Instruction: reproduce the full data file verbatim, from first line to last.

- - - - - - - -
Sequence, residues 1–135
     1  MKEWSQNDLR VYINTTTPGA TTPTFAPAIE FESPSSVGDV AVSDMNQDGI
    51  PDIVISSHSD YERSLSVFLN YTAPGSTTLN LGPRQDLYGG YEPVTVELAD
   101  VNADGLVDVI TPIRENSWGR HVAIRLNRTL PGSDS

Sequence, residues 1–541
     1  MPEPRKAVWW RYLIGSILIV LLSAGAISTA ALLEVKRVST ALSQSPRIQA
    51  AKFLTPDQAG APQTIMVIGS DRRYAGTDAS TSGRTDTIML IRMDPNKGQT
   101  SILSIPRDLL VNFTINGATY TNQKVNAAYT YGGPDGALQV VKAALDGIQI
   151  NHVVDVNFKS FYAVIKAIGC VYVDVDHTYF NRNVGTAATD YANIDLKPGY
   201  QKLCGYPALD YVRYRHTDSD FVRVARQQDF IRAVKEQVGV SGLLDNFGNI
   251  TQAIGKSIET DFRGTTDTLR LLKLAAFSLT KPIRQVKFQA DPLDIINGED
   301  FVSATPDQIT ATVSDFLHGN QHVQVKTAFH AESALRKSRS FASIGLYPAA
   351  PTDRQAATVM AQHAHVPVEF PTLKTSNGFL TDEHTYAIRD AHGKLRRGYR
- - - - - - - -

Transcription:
Sequence, residues 1–135
     1  MKEWSQNDLR VYINTTTPGA TTPTFAPAIE FESPSSVGDV AVSDMNQDGI
    51  PDIVISSHSD YERSLSVFLN YTAPGSTTLN LGPRQDLYGG YEPVTVELAD
   101  VNADGLVDVI TPIRENSWGR HVAIRLNRTL PGSDS

Sequence, residues 1–541
     1  MPEPRKAVWW RYLIGSILIV LLSAGAISTA ALLEVKRVST ALSQSPRIQA
    51  AKFLTPDQAG APQTIMVIGS DRRYAGTDAS TSGRTDTIML IRMDPNKGQT
   101  SILSIPRDLL VNFTINGATY TNQKVNAAYT YGGPDGALQV VKAALDGIQI
   151  NHVVDVNFKS FYAVIKAIGC VYVDVDHTYF NRNVGTAATD YANIDLKPGY
   201  QKLCGYPALD YVRYRHTDSD FVRVARQQDF IRAVKEQVGV SGLLDNFGNI
   251  TQAIGKSIET DFRGTTDTLR LLKLAAFSLT KPIRQVKFQA DPLDIINGED
   301  FVSATPDQIT ATVSDFLHGN QHVQVKTAFH AESALRKSRS FASIGLYPAA
   351  PTDRQAATVM AQHAHVPVEF PTLKTSNGFL TDEHTYAIRD AHGKLRRGYR